Pandemic by Scott Sigler, Crown, 592 pages, $26
When George Romero popularized zombies in the '60s, they were straightforwardly a trope for Cold War anxieties. They trudged and lurched, as vacant as the '50s stereotypes of mindless consumers rising from their fallout shelters. Zombies faded from the popular imaginary for a while, but in recent years they've returned from the dead (sorry). Today's zombies, from "28 Days Later" to "World War Z," are frequently zippier, as befits a world defined by globalized capital flows and environmental collapse. Root causes have shifted from radiation to zoonosis and genetic hack.
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Scott Sigler's "Infected" trilogy mixes up the zombie trope with its Cold War cousin, alien invaders. An advanced civilization has seeded the galaxy with weapons designed to wipe out intelligent species: infectious parasites that turn their hosts into rage machines with blue triangles sprouting from their skin. In the second entry in the series, "Contagious" (2008), intrepid scientist Margaret Montoya of the Centers for Disease Control fought the evil triangles with American know-how and ruthless pragmatism. This resulted in the nuking of Detroit, which in my opinion is just adding insult to injury. A few years later, as "Pandemic," the final novel in the series, begins, things have returned to a semblance of normality. But an alien probe has survived at the bottom of Lake Michigan, and soon cities are burning, people are eating one another, and nuclear bombs are flying again.
Sigler has learned a lot from Stephen King, especially about pacing. This is what the hacks call a white-knuckle thrill ride. But you'll have to pardon his prose style, to the extent that he can be said to possess one. His sentences are crudely functional: "The waitress appeared … The waitress winked … The waitress shook her head … The waitress walked off." He's fond of needlessly expository prose: "White blood cells are a critical part of the immune system…. Neutrophils are amorphous, meaning they are without form." But what is "the immune system"? And "form"? These abstruse terms are giving me a headache.
Sigler also revives the myth of a red telephone connecting the White House to the Kremlin, "a piece of equipment that for five decades had served as a last resort to stop nuclear war" — the actual hotline, originally a teletype machine rather than a phone, was located in the Pentagon and is now a secure email connection — but maybe he's letting us know he's having us on. The horrors get a bit tedious as the action gets more ludicrous, and the characters are about as deep as cereal boxes, but Sigler deftly revitalizes clichés — raises them from the dead, you might say.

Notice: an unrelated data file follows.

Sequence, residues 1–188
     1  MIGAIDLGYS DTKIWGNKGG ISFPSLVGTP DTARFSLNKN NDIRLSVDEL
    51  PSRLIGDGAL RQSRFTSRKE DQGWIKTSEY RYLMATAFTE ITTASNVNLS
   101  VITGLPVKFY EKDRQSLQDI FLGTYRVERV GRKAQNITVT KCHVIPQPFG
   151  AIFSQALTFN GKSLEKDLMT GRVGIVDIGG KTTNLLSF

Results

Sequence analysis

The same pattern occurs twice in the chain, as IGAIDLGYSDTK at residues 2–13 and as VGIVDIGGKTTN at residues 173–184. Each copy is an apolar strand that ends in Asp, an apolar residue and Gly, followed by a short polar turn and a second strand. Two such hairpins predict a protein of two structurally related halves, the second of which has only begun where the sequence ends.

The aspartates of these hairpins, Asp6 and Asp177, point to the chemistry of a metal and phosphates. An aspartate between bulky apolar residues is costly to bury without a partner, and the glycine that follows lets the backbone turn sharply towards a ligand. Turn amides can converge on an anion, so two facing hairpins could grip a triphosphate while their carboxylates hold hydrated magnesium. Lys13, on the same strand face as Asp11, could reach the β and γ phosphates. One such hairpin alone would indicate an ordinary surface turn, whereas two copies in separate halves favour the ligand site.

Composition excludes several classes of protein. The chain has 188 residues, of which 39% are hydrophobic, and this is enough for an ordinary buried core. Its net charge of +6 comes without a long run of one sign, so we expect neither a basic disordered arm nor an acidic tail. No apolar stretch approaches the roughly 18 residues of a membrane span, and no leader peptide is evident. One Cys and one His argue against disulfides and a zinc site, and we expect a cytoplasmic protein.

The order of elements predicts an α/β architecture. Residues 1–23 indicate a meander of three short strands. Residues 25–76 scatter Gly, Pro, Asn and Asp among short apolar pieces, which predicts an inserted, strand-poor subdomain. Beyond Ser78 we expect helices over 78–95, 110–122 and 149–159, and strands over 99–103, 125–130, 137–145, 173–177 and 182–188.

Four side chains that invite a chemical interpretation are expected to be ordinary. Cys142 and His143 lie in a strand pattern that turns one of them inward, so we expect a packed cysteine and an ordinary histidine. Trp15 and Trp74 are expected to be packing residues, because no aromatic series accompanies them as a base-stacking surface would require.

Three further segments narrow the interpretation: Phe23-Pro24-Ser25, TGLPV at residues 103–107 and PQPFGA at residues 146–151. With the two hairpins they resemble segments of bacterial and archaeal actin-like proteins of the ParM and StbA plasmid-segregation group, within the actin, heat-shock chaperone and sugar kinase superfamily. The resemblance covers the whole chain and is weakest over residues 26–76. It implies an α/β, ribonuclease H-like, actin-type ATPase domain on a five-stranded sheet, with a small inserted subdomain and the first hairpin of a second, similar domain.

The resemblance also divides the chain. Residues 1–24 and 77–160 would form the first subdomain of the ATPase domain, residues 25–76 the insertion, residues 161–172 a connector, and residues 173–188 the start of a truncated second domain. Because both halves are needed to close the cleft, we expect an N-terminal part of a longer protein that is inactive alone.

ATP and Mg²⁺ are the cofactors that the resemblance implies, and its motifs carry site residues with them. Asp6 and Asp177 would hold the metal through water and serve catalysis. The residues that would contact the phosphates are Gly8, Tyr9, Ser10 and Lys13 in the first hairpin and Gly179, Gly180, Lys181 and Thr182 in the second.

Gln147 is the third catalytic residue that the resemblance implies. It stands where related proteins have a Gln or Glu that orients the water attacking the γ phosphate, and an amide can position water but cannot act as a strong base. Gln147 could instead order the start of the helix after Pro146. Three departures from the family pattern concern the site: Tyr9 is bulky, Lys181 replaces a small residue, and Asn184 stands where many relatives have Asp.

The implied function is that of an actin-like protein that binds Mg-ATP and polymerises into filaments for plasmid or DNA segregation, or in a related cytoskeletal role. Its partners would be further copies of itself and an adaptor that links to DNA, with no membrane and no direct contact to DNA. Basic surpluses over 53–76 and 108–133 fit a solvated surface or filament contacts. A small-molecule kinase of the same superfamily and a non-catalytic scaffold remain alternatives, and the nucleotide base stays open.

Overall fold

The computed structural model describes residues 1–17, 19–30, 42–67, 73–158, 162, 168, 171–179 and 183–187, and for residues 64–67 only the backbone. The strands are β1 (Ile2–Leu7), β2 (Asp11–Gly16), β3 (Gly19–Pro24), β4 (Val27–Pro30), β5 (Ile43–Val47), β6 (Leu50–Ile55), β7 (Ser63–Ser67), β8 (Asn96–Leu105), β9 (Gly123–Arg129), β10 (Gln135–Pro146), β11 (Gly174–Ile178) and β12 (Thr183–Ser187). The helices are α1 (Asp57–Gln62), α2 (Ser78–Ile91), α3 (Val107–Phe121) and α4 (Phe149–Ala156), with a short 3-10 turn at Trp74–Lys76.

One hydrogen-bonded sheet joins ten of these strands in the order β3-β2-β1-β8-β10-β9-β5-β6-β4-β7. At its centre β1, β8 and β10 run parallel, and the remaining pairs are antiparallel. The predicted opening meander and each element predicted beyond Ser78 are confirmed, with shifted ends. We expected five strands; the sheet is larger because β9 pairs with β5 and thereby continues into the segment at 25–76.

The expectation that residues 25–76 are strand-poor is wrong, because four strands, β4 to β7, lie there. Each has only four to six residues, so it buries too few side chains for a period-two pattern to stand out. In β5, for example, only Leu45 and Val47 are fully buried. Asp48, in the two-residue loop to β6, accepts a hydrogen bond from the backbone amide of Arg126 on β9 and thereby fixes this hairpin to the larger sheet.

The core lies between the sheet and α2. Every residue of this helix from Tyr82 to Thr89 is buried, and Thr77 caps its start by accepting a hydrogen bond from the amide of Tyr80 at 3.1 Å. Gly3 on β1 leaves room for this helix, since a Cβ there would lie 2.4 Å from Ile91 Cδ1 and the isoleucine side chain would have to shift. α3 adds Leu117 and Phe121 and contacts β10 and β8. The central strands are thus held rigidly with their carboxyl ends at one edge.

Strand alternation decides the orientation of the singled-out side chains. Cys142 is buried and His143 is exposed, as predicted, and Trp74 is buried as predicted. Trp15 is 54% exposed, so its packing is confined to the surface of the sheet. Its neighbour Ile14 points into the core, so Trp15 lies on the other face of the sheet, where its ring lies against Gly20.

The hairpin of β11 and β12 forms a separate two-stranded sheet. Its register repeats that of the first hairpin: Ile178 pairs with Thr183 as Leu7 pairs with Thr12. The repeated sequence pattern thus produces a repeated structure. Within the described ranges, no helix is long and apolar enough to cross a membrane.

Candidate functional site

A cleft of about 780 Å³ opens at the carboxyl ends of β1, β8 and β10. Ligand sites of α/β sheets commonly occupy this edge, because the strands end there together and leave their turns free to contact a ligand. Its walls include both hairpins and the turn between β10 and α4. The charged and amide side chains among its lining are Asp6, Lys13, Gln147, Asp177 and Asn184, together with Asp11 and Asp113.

Seven Grams of Lead by Keith Thomson, Anchor, 464 pages, $7.99
There are, very roughly speaking, two types of spy novel. There's the cerebral, all-too-human type, where the excitement is in inflection and tone. Lives hinge on bits of seemingly banal conversation, misdirection, psychology, cups of tea. Things aren't black and white — they're cynically gray. Think John le Carré's George Smiley or Eric Ambler's naïve, accidental heroes. Then there's the outsized cartoon type, in which espionage revolves around techno-wizardry and body engineering, judo and motorcycle chases. Good guys defeat bad guys. Think James Bond or Jason Bourne. The first is the more realistic, and, for that reason, ultimately the more thrilling; the second is insubstantial as an Oreo — probably bad for you, but yummy.
Keith Thomson mingles the types with an expert sense of irony. His protagonists — an alcoholic who likes the ponies but can't pick a winner, a political blogger — are ordinary people unwittingly mixed up in conspiratorial fantasias. But they are eventually called upon to deploy nano-tech insects or bring down a helicopter with a few beer cans, some deodorant and a pingpong ball. Thomson has as much fun with genre tropes as Sigler does, but there's more than mixology at stake in his third novel, "Seven Grams of Lead."
The title refers to Stalin's supposed quip about how to solve a problem (some sources put it at eight or nine grams) — the sort of trivia you'd expect a political nerd like journalist Russ Thornton to know. So when a rogue government agent assassinates a scientist working on a secret weapon with a bullet weighing exactly seven grams, Thornton finds it a little too cute. He begins sniffing around, which, of course, makes him a target, along with his old flame and a wealthy bombshell whose promiscuity recently cost her a Senate bid.
The wonderfully over-the-top shenanigans that follow are catnip for the Bourne crowd, with subcutaneous implants, listening stations, dead drops, black sites, gunplay, double agents, naval battles, countersurveillance hocus-pocus and gadgets galore. And the human intelligence is even more captivating. I'll take good dialogue over exploding pens any day, but Thomson doesn't ask readers to choose.
Michael Robbins is the author of the poetry collection "Alien vs. Predator" and a forthcoming book of criticism, "Equipment for Living."Copyright © 2014, The Baltimore Sun